Other names: Rana sylvatica, Northern Wood Frog
The Wood Frog is a medium-sized frog reaching up to 8 cm in body length. They range from reddish, tan, or dark brown with a white upper lip stripe and a dark mask that stops abruptly behind the . Wood Frogs have a dark blotch on the chest near each front leg, and some may have a light line down the back. The belly is white and may have some dark mottling. Wood Frogs also have prominent and their toes are not fully webbed. During the breeding season, males will have a swollen thumbpad and two throat pouches that will inflate as they call. Wood Frog tadpoles are dark gray to dark brown all over with a faint, light stripe along the upper jaw and a light-coloured belly. Tadpoles can reach up to 6.5 cm in length before metamorphosis.
Wood Frog Call
The Wood Frog call consists of a burst of short ‘quacks’, sounding like a small duck.
The Wood Frog is the most widespread amphibian in Canada, found in every province and territory. It exists in Nunavut only in the southernmost tip of the territory and is absent in Newfoundland but is found in Labrador. In British Columbia, Wood Frogs are widespread in the central and northern Interior, and along the Rocky Mountains and East Kootenays where they may be found at elevations up to 3050 m. Contrary to most frogs in North America, the Wood Frogs’ distribution is mostly in Canada. In the United States, Wood Frogs are found throughout the northeast and there are small, isolated population in Colorado, Wyoming, and northern Idaho.
Wood Frogs generally hibernate in soil, using root channels and old burrows, and are active from March through to October, with more northern populations having shorter active seasons. Wood Frogs are one of the first amphibians to begin calling and breeding in the spring, and are often active when there is still snow on the ground. Wood Frogs are largely terrestrial but are usually found close to water. They prefer moist woodlands and vernal pools associated with deciduous and boreal forests, but is also found in tundra and occasionally in grassland habitats. Wood Frogs breed in shallow, temporary wetlands that are free of fish, typically in forested areas. They have been observed breeding in ditches, road ruts, ponds, and shallow bays in lakes. Tadpoles are generally found in the warmest, shallowest parts of wetlands.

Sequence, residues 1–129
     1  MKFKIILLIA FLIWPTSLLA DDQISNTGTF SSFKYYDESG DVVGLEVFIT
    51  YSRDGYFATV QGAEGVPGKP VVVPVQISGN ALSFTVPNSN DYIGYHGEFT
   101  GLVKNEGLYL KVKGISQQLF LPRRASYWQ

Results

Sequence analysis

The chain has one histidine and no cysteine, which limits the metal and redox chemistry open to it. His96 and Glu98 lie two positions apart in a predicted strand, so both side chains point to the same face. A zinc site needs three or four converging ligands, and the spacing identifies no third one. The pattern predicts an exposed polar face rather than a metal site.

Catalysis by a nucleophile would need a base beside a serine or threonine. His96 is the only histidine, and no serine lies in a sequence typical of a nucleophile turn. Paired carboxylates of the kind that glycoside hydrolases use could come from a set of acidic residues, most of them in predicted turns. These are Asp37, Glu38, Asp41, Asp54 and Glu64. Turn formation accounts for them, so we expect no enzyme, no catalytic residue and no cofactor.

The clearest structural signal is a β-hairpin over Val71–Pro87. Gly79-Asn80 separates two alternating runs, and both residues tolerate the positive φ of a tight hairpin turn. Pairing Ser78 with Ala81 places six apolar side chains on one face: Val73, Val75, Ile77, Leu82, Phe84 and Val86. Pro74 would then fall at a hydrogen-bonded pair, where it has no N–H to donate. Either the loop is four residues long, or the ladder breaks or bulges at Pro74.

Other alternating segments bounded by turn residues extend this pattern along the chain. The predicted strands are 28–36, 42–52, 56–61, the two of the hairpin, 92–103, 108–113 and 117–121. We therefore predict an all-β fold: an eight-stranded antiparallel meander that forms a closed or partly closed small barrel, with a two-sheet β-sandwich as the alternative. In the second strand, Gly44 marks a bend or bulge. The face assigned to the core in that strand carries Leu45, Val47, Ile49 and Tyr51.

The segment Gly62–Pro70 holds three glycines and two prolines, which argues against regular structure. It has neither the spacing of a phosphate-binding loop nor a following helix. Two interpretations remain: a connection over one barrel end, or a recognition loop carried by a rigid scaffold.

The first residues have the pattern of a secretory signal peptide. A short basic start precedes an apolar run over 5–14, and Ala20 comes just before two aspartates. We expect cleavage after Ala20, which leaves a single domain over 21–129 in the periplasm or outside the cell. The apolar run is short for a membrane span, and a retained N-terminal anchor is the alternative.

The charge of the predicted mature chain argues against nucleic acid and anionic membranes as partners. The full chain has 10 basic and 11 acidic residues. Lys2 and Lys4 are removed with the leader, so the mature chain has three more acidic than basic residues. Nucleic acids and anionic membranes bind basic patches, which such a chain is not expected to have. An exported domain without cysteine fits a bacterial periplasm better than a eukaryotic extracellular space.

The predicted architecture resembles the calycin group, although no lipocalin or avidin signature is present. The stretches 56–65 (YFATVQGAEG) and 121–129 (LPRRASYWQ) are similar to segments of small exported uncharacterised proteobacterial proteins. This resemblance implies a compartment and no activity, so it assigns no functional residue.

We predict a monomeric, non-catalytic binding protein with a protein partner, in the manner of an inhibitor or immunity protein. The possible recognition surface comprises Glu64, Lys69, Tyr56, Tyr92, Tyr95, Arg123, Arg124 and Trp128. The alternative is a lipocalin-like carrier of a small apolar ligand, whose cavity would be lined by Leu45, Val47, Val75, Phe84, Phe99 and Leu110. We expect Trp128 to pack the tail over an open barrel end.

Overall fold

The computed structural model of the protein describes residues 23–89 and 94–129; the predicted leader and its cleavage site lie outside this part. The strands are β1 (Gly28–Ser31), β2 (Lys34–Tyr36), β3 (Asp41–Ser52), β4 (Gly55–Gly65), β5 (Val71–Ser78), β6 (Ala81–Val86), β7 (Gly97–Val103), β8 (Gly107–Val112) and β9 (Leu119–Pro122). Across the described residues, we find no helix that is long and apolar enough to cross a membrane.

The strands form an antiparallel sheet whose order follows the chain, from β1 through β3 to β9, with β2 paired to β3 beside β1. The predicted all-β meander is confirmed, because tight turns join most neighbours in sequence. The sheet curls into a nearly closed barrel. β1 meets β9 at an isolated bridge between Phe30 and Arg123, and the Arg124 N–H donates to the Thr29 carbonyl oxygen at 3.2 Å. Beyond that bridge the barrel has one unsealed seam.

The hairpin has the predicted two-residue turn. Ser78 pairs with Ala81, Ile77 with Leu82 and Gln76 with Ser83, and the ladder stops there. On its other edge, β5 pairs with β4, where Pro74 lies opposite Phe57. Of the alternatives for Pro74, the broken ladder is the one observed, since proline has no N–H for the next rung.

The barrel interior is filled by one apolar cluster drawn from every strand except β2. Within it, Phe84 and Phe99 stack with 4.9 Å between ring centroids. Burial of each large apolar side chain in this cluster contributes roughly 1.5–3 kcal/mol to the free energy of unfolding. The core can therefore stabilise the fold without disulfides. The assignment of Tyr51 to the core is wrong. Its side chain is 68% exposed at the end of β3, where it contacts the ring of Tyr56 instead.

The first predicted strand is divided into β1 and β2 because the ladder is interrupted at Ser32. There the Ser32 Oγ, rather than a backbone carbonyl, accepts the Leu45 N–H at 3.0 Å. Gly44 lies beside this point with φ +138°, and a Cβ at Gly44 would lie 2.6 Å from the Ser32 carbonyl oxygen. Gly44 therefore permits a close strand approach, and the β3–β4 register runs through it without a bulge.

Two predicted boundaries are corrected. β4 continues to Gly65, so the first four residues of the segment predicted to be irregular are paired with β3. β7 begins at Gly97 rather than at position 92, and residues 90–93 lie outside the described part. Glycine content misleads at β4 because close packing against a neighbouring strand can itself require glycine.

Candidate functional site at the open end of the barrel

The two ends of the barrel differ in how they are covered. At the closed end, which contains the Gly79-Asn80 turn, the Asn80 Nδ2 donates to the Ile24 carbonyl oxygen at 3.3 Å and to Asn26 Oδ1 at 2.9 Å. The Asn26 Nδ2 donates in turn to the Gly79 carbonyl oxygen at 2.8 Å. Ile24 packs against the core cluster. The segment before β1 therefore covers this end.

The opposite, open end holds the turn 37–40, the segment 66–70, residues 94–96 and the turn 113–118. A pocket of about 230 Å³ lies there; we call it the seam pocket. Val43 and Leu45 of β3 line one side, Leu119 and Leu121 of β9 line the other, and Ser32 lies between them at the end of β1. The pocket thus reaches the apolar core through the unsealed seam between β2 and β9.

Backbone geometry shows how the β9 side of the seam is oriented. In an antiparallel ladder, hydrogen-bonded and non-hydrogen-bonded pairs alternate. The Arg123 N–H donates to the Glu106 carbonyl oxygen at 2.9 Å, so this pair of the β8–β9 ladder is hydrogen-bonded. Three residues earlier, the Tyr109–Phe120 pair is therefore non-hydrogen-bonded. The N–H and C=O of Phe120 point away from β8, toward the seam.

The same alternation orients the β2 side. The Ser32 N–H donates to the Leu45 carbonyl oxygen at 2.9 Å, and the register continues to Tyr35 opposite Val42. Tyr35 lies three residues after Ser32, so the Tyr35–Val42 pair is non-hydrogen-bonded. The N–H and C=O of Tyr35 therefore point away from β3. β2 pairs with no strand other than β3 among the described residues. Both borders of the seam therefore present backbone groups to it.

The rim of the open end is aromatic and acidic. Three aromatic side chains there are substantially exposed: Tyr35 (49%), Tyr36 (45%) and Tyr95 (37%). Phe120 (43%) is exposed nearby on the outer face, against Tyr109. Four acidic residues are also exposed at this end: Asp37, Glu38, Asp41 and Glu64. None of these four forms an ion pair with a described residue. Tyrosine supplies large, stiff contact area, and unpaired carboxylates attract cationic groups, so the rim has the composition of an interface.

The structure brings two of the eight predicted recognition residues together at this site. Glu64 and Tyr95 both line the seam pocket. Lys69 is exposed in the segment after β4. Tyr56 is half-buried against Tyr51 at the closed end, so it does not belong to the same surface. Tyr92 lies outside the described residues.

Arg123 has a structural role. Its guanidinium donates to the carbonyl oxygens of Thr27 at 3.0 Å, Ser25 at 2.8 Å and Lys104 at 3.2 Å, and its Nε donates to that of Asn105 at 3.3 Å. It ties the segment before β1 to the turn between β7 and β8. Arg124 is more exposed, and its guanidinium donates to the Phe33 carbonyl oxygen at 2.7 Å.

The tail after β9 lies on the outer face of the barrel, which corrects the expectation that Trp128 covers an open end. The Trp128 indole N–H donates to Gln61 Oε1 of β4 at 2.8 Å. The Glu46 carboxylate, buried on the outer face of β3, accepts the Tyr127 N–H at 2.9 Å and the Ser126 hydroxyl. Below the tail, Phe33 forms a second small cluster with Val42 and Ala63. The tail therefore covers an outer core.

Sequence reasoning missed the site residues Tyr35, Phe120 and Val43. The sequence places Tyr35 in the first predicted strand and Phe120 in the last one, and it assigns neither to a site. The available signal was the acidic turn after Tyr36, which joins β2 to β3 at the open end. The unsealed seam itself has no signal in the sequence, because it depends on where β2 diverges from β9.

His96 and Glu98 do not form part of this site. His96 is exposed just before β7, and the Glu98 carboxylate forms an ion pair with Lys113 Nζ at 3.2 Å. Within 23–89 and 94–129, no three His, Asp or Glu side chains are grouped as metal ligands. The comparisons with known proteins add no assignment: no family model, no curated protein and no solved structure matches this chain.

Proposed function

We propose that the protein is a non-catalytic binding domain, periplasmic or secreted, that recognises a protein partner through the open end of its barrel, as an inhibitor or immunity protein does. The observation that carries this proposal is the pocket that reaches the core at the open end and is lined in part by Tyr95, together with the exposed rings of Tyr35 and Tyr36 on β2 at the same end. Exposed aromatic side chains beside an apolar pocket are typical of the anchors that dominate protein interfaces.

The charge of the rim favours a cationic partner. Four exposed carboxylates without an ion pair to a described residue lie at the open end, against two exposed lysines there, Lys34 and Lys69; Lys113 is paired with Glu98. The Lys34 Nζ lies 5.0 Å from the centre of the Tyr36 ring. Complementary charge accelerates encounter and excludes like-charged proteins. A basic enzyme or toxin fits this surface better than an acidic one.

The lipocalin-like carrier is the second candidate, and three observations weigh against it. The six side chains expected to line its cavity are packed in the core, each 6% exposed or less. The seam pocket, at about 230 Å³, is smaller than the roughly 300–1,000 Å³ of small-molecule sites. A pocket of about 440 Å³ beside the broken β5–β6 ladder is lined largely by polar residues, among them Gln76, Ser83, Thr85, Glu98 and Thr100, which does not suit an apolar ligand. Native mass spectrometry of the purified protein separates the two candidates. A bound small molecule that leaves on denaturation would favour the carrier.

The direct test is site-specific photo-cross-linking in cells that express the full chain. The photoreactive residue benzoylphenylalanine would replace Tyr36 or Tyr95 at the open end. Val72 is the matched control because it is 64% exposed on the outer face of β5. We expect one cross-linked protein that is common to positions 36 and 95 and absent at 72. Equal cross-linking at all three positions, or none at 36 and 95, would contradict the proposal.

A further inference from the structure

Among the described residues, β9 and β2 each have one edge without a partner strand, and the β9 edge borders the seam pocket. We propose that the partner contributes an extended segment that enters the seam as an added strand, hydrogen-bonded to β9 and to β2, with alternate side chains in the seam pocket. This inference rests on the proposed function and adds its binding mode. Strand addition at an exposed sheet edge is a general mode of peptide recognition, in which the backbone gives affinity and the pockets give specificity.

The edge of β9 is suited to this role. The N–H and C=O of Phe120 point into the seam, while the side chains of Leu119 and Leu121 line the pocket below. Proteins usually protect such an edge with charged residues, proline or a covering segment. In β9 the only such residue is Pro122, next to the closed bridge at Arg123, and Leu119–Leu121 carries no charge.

Wood Frogs are the earliest breeders in almost all of their range. The breeding season is explosive, and will be completed after one or two weeks in April or May, depending on latitude. Fertilization happens externally in aquatic habitats as the male grasps the female in. The female will lay up to 2,000 eggs in a mass 4-10 cm in diameter. Eggs are typically laid in very shallow water, or are attached to vegetation within 15 cm of the water surface. Eggs are black on top and white underneath. Egg development is rapid, with hatching occurring within 1-3 weeks depending on the water temperature. Tadpoles will metamorphose after 6-12 weeks. Males reach maturity after 1-2 years, which is quicker than females after 2-3 years. Time to sexual maturity may be longer in northern populations with restricted active seasons. Wood Frogs generally do not live to be older than 5 years.
Wood Frogs are experts at hunting invertebrates and prefer insects, worms, snails, mollusks and other invertebrates, usually the terrestrial forms. Tadpoles are herbivorous and feed on algae and aquatic plants.
In Canada, Wood Frogs are very widespread and abundant. Much of their range is expansive through undeveloped areas of northern Canada. The threats to Wood Frogs throughout their range appear to be minimal. The primary threat to Wood Frogs is the loss of forest habitat and breeding wetlands. Roads can cause high levels of mortality where roadways intersect migration paths to and from breeding areas. Pollution from pesticides and herbicides, road salt, and sediment from forestry can cause mortality and developmental defects. Chytrid fungus has been found in Wood Frogs in British Columbia, but deaths have not been recorded. Climate change is a threat to all frog species as it may increase the frequency and severity of drought and flood events.
Did You Know?
Wood Frogs are freeze tolerant and generally hibernate under logs or leaf litter on the forest floor. They produce a natural ‘antifreeze’ by increasing the amount of glucose in the blood which prevents ice particles from forming within their cells. Wood Frogs can change colour very quickly to go from very dark, to very light. When it is cold, they will darken themselves to absorb more heat.
Adult Wood Frogs can actually tell if a potential breeding site may contain predatory fish by “smelling” the water!
When attacked by a predator, adult and transforming Wood Frogs secrete a repulsive substance from their skin as a deterrent.